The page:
The archaeology collection includes many significant artifacts, particularly from the American West, Latin America, and select objects from around the world. The department has long been known for our Paleoindian collection, which includes the original Folsom point. Other significant Paleoindian collections include those from the Jones-Miller Site, the Dent Site, Lindenmeier Site, and Frazier Site, all in northern Colorado. Another notable collection from Colorado is from the Magic Mountain site near Golden, outside of Denver. We recently acquired the W. S. Ranch Archaeological Field School collection from west-central New Mexico. That collection will be a focus of cataloging and research activities for the next several years. In addition to WS Ranch, the Southwestern US collection contains representative pottery types from across the region as well as rare organic materials. Collections from Latin America include textiles, ceramics, stone materials, and organic remains representing all major ancient cultural groups, including the Maya, Aztec, Olmec, Inca, Nasca, Tiwanaku, and Moche, among others. The world archaeology collection is composed of artifacts from ancient Egypt, Rome, Greece, Babylonia, and Sumeria.
Two thousand artifacts from ancient Egypt, Rome, Greece, Babylonia, and Sumeria dominate the world archaeology collection. They provide the greater Rocky Mountain region with a unique resource facilitating the examination of diverse cultural paths along and the human evolutionary journey.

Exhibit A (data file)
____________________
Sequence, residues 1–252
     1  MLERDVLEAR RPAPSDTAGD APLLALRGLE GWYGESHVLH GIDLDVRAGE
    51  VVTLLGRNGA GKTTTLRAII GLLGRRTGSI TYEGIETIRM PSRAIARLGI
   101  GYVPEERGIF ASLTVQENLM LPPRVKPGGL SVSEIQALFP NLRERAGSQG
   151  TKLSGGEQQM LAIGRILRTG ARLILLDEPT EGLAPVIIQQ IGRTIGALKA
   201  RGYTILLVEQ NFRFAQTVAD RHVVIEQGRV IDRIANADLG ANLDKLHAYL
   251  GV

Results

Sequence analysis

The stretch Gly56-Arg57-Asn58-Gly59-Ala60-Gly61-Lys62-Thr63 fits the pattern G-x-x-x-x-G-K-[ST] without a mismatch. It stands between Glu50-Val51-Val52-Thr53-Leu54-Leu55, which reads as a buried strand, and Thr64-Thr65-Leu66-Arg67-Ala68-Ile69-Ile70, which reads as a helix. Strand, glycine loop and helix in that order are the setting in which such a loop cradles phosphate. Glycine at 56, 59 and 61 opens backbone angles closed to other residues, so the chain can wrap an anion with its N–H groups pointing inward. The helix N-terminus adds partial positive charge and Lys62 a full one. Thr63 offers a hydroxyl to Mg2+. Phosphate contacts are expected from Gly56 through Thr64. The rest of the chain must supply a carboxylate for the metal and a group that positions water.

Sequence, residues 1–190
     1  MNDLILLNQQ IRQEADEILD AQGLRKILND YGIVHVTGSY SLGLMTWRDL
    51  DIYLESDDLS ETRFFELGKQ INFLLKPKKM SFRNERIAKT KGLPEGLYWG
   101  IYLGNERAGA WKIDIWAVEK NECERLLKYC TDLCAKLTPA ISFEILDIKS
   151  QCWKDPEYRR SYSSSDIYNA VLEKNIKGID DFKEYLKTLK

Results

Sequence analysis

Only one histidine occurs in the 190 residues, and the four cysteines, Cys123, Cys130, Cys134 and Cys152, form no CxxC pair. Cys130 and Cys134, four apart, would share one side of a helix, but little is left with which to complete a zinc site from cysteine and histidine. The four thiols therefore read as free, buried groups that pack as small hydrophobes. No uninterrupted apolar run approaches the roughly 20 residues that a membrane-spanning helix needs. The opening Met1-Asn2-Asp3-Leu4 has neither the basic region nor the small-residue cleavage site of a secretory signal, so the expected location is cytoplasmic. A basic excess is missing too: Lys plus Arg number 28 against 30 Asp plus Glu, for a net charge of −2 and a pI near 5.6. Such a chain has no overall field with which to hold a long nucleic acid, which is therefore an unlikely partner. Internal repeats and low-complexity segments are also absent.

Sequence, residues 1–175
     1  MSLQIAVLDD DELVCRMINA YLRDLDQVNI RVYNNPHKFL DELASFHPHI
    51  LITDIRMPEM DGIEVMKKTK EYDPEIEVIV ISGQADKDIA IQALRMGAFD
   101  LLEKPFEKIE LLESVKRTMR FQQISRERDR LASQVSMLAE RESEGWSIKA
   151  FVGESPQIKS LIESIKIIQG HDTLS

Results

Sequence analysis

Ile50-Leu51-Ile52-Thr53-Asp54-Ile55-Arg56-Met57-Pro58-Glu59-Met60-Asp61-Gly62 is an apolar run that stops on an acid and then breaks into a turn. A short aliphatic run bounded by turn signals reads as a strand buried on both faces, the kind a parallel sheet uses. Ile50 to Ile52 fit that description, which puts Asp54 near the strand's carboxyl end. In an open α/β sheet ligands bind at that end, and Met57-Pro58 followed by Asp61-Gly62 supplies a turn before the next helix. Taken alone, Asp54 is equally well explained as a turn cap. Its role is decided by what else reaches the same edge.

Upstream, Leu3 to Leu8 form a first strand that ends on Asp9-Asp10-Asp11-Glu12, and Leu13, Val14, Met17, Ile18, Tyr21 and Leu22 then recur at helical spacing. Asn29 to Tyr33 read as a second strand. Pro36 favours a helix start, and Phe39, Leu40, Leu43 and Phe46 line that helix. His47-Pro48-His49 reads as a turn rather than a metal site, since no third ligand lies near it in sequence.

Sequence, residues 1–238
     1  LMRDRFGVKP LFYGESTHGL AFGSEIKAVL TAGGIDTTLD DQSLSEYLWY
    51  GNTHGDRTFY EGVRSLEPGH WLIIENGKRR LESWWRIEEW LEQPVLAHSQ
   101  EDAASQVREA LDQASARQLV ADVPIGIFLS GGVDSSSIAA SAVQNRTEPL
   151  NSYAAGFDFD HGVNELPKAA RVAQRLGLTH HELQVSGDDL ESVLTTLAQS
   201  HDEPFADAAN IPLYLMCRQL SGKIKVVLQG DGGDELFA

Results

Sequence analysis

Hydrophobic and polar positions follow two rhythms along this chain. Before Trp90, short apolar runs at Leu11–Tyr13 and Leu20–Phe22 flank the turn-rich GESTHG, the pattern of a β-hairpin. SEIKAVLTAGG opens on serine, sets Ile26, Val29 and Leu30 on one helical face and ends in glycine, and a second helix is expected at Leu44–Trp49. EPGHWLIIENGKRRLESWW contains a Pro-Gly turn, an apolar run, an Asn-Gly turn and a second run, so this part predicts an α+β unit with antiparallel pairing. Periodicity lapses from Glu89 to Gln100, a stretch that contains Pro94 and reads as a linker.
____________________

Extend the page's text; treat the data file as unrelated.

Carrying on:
Latin American Archaeology
The Mesoamerican collection contains 2,000 objects representing all major ancient cultural groups, including the Maya, Aztec, and Olmec. Highlights include an Olmec greenstone figurine, a stone mask from Teotihuacan, and Huastec shell armband/anklets. The South and Central American collections include 900 objects representing the Inca, Nasca, and Moche, among others. Of particular importance are 133 whole ceramic vessels from Cochabamba, Bolivia, one of the largest such collections outside Bolivia.
The Southwestern collection contains representative pottery types from across the American Southwest, including classic Mimbres black-on-white bowls from southwestern New Mexico, Salado polychrome from east-central Arizona, and Casas Grandes polychrome vessels from Paquimé, Chihuahua, Mexico. The collection includes rare organic materials, including exquisitely preserved yucca sandals from the Four Corners region and a split-twig figurine from southwestern Colorado, the earliest known example of this enigmatic artifact form. These collections continue to provide research and educational opportunities; Dr. Koons and Stephen E. Nash, PhD, rely on these collections as a vital resource for their ongoing work on Mogollon archaeology in the greater Reserve, New Mexico, region.